Malachi 2: Repenting for Dishonoring God’s Name by Living a Life of Compromise.

Christian. What pops into your mind when you hear that word? Is the term easy to define, or does the term come with mixed connotations and meanings? In our find your own truth society, do you find being a Christian so hard to define that you use some other term to describe your faith, such as “follower of Christ”?

In Malachi Chapter 2, the prophet was addressing a society that was losing its way. Priests were more concerned with preserving their livelihoods than they were the purity of their service and the people’s offerings. The sacred was treated as common. Spiritual leadership was compromised for fear of losing the support of the elite in the congregation of God. For their part, the people feigned at being spiritual, but their lives when they weren’t in the temple were anything but spiritual. According to the prophet, the people’s faith and purity had been compromised, as illustrated by men leaving their wives for younger, foreign women and by the whole nation calling what was evil good, and what was good evil.

As hard as it is to hear, there’s a lot in Malachi 2 that we can identify with in our post-modern society. We live in the age of the anti-hero, where the traditional bad guy is lauded more than the traditional good guy. The lives of believers can be hard to distinguish from those who are not believers. What we would have considered in the past to be a clear teaching of the Bible we compromise for fear of being offensive or “on the wrong side of history.” Being a Christian is becoming increasingly more ridiculed—not because we are taking tough stands against sin and oppression but rather because we are not.

Though we are to care for the world, we must not be entangled in it. We must be careful to maintain both our moral and our spiritual purity. In its efforts to remain relevant, the modern Church has struggled with the line between relevance and conformity, and in that struggle, it has many times lost its purity. Scripture tells us that both Abraham and Lot were righteous men, but the man who kept himself separated (Abraham) had a greater impact on the lost community than the man who compromised in an effort to be accepted (Lot). Relevance is not measured by our fashion or style of music—relevance is measured by our love for God and others.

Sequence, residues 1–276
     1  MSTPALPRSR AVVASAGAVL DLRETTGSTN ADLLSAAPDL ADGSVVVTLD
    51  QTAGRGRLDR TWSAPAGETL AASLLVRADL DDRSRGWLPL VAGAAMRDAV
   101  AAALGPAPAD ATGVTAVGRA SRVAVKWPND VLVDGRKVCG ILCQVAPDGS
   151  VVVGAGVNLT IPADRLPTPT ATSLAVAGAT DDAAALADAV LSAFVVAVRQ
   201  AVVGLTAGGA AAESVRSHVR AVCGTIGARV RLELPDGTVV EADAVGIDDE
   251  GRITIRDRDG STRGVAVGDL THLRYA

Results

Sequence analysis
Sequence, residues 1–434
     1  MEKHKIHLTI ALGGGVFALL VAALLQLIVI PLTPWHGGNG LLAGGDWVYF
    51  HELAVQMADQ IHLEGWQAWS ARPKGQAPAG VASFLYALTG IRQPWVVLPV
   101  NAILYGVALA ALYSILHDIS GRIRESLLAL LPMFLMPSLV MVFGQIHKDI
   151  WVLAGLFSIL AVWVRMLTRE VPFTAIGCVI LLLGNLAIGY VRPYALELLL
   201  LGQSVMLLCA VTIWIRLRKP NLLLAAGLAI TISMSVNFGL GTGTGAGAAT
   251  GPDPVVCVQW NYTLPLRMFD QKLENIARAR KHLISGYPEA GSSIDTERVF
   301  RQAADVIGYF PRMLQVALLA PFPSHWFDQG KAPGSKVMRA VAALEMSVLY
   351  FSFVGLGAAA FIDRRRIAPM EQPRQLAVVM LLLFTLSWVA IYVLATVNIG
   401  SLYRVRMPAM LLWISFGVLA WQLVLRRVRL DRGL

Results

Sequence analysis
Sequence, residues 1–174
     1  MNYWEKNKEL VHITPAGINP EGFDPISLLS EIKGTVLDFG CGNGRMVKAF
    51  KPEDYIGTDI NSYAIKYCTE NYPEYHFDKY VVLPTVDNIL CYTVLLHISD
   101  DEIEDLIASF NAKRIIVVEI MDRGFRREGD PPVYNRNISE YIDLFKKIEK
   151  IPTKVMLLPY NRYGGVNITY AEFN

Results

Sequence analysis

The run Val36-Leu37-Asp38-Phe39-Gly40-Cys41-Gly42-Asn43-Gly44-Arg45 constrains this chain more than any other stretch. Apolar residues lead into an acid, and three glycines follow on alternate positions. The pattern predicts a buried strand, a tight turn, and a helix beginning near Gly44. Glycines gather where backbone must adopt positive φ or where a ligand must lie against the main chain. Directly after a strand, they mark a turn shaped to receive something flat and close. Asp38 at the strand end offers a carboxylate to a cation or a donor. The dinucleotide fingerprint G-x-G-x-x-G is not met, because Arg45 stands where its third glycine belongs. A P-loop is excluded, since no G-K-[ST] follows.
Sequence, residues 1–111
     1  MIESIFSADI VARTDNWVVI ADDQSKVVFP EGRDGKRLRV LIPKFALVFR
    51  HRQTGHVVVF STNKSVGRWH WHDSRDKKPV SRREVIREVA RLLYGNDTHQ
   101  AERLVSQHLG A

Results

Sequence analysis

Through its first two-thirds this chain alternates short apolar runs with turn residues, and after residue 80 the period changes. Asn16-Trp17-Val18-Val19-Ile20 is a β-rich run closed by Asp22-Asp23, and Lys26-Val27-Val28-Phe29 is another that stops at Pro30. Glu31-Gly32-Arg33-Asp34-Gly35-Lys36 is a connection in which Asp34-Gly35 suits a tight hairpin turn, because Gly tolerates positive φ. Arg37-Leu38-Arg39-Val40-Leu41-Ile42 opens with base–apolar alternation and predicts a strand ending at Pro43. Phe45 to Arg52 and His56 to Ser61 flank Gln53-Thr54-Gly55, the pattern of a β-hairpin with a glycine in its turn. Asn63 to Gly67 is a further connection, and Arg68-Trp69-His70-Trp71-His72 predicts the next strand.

The scary thing is that the Israelites thought they were in a good place with God. Malachi tells that they wept on the altar of the temple, not understanding why they’d lost favor with God. Malachi goes on to say that God was wearied by their prayers for justice, not because God didn’t care about justice but rather because those crying out for justice were themselves the ones who were reveling in the evil. They had so lost their moral compass they could no longer distinguish between right and wrong.

I don’t know that I can think many things scarier than the thought of my prayers being wearisome to God. It is truly a sobering thought and should be wake up call to all of us as believers. Our God is a God of love, but He is also holy and pure, and He desires a bride who is pure as well. Let us examine our lives and repent of those areas where we have compromised.


1. Consider our culture and the influence of Hollywood. Do you see areas in the Church where our culture has negatively influenced the Church? (Don’t focus on the easy things like music or dress—dig deeper into Church culture.)

  1. Take a moment to examine your own life. Are there areas of your life where you compromise? Why?

  2. In Malachi we see a people who appear faithful to God, but who were blind to the sin in their lives. What

are your blind spots? If you have difficulty identifying your blind spots, do you have someone in your life who can help you do that?